Yet people do make claims such as 'I believe that there are no dragons' all of the time. Either:
a) those people fit the definition of delusional (as per your argument)
b) The statement of the form 'I believe that there is/are no x is invalid, and those making those claims are equivocating it to the statement 'I lack belief that there is/are no x.
(a) seems to include the entirety of humanity.
Does x = god not apply to this case? Are there other options aside from (a) and (b), or are those options invalid?
There is at least one big difference here: People are generally agreed on what a "dragon" is. There would be some variations in details, but most, if asked to describe a dragon, would say that it is a winged creature, vaguely reptilian, significantly larger than a human being, with a tail and four legs ending in claws, that has scales and that lays eggs, and which is capable of breathing fire. They are also generally assumed to be tremendously strong -- for example, they are routinely portrayed as being able to pick up and carry full-sized human beings without showing any effort or strain.
Knowing all of this, one can then examine nature and determine whether such a creature exists, or is even likely to.
For example, are there any flying creatures capable of carrying a grown man? No, not even close. The Harpy Eagle is arguably the strongest known flying creature in this regard, and even it is generally capable of carrying only about twenty pounds. There are no creatures capable of breathing fire, and it's difficult to imagine how this would even be possible. (Two glands in the throat containing different chemicals that would combust when mixed, or something?) There appear to be limits on how large an animal can be and still be able to fly, and the generally-assumed size of a dragon is significantly beyond that limit. Ostriches, for example, lost their ability to fly because they simply became too heavy to be able to do so, and dragons are usually held to be far more massive than ostriches. And so on. All that being the case, it is not therefore delusional to claim to know, with certainty, that dragons do not exist. There are good reasons to hold that position. (It would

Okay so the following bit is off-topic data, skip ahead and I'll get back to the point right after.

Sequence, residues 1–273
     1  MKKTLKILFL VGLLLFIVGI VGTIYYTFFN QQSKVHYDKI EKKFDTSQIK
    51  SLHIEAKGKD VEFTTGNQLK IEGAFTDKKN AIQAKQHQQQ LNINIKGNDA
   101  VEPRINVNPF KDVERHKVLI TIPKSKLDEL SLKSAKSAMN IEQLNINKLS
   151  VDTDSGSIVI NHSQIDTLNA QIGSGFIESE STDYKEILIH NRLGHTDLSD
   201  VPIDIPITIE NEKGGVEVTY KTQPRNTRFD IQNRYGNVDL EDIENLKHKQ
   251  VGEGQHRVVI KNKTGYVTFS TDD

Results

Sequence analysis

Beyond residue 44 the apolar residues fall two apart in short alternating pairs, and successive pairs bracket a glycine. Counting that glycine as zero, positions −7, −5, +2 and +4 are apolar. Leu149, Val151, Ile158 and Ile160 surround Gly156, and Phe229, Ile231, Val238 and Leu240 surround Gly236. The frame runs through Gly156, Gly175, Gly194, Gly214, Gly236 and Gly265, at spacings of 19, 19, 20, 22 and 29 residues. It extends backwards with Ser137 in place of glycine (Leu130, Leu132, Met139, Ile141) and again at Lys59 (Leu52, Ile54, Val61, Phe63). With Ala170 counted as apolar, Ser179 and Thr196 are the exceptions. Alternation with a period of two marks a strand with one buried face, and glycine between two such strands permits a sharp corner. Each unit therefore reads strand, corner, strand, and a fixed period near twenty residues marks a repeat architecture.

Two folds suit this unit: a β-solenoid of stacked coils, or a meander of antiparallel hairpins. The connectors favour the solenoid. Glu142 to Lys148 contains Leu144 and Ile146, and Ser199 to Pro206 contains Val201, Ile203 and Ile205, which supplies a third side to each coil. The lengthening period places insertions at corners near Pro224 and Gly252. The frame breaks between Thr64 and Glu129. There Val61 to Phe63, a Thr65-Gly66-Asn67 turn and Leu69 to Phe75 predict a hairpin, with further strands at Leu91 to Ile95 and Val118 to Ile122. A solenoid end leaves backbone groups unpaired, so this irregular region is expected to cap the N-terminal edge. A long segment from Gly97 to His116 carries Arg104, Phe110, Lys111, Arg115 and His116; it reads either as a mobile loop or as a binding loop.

be delusional to continue to cling to that position if new information were to come to light, of course, but that is a separate discussion.)
None of this is generally the case with the Christian deity, because no one agrees on its characteristics. Some are trinitarians, some are unitarians, some are even binitarians, as I learned just yesterday. Some believe that the deity is omnipotent, others do not; same for omniscience. Some believe that Yahweh is a some kind of spirit-being, while others believe that he is flesh-and-blood. Still others embrace a form of pantheism. There is also disagreement about Jesus' characteristics. One of the earliest schisms in the church, for example, was disagreement over whether Jesus existed as flesh-and-blood, or whether he existed solely as some kind of spirit-being. On and on it goes.
It is therefore more difficult to make a case for "Strong Atheism" than it is for "Strong A-Dragonism", at least in the case of the Abrahamic religions. In other traditions -- such as the Greek or Norse pantheons -- it does become more straightforward to make a knowledge claim, because those deities are more precisely defined. "They live on the summit of Mount Olympus? Fine, let's climb it and look for them."